The Beginning of Transformative Change


The Beginning of Transformative Change Photo by Samuel Zeller on Unsplash

It starts with a desire, a hope.

One person’s vision for the future of a community may be just that, but with leadership and the right plan, funding, and political support, it can become a reality and transform a community.

Where is that desire, or hope born?

It could be proactive, or reactive. It could be because a large employer is leaving downtown – drastically decreasing activity in the central business district. It could be the employer left decades ago and the empty buildings have become an eyesore – calling for blight elimination. It could be that downtown has slowly changed, retailers have gone, service businesses and fewer traffic generators inhabit the area – there is a need for new energy.

Maybe the person with the vision is interested in creating a legacy – making a permanent mark on the community. Community transformation could come from an attempt to attract new families to the community, and create a dynamic, magnetic draw for existing residents – a community development effort.

Maybe the vision is born from a gift, a benefactor’s desire to leave a cultural mark for generations to come. It’s possible there is a need to replace the vestiges of a bygone era, replace functionally obsolete structures and uses with a modern gathering place. Whatever the driver, change is sought.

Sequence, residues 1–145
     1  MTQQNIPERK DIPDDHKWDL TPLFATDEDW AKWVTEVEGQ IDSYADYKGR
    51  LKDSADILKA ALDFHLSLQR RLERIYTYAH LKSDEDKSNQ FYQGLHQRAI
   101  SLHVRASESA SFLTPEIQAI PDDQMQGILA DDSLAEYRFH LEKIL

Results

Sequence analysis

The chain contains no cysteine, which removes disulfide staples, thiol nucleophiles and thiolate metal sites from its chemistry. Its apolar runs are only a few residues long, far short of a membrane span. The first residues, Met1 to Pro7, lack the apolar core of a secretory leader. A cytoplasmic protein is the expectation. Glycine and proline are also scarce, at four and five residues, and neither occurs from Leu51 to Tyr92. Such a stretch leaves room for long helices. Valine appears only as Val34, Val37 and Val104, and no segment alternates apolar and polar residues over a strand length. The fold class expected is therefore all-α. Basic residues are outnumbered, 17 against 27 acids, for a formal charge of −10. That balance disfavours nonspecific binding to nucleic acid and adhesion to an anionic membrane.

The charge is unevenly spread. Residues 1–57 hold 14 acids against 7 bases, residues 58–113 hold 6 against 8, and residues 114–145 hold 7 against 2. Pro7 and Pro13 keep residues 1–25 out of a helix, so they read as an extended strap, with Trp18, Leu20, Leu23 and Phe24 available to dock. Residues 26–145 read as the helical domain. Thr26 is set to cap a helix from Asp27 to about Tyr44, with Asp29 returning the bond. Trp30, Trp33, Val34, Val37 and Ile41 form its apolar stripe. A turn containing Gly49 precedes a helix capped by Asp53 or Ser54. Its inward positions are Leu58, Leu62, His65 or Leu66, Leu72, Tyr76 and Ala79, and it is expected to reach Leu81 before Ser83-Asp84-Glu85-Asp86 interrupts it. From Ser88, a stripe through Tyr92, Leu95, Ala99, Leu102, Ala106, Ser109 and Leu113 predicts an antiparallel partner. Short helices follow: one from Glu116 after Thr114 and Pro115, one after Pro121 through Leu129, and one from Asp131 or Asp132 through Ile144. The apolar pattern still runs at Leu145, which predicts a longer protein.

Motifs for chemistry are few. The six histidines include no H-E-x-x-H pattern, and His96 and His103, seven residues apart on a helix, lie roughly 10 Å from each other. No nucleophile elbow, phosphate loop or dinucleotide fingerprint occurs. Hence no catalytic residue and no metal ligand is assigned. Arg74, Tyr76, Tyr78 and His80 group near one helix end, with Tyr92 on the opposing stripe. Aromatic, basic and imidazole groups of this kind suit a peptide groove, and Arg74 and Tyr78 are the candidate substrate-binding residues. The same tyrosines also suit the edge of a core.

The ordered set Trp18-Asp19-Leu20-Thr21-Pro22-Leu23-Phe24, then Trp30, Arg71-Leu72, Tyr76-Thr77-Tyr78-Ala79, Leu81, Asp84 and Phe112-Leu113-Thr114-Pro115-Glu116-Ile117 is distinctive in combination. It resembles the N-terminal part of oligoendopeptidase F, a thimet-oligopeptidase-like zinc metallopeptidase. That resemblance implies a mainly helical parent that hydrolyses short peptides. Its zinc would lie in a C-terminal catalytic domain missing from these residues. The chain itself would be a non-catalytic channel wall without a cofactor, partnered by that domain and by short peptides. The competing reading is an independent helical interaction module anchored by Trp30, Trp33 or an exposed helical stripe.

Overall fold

Seeking change and being committed to change are two entirely different things.

Commitment to change takes time, money and political capital. Transformative redevelopment takes time, money and political capital. We’ll address “time” here, but money and political capital may require a separate writing.

The time it takes to transform a business district, a block, a piece of property can be paralyzing to some, incomprehensible to others. Election cycles often come and go with projects still underway.

What may appear to the public as inaction could be a whole lot of important work taking place behind the scenes; lining up funding, negotiations, planning, research, due diligence, aligning partners. These are all things which take time but don’t directly change the landscape.

By the time a project is announced, economic development practitioners and municipal staff have put in countless hours and the announcement seems anticlimactic. Change also take time to accept.

It’s as if it’s a shirt that must be tried on. How does this feel?

What will happen in the wake of the proposed changes? Who will be positively and negatively impacted? What’s the long-term benefit of this change? What happens if we don’t implement this plan?

Time kills all deals.

In business there is a popular adage, “Time kills all deals”. In some respects, this also applies to transformative community change, but rushing certain aspects of the process can also be dangerous. If a business is pushing to come to the community, by all means, do everything possible to facilitate a speedy process. If the community is working through an acquisition and relocation project, keep moving forward but expect delays and hiccups along the way.

Temporary roadblocks come in all shapes and sizes, including egos, fear, the need for better communications, public opposition, misleading (untrue, viral) Facebook posts, and second guessing by those in leadership.

Press on. Someday, you will be able to turn around, look back and say, “Wow, we did that.”


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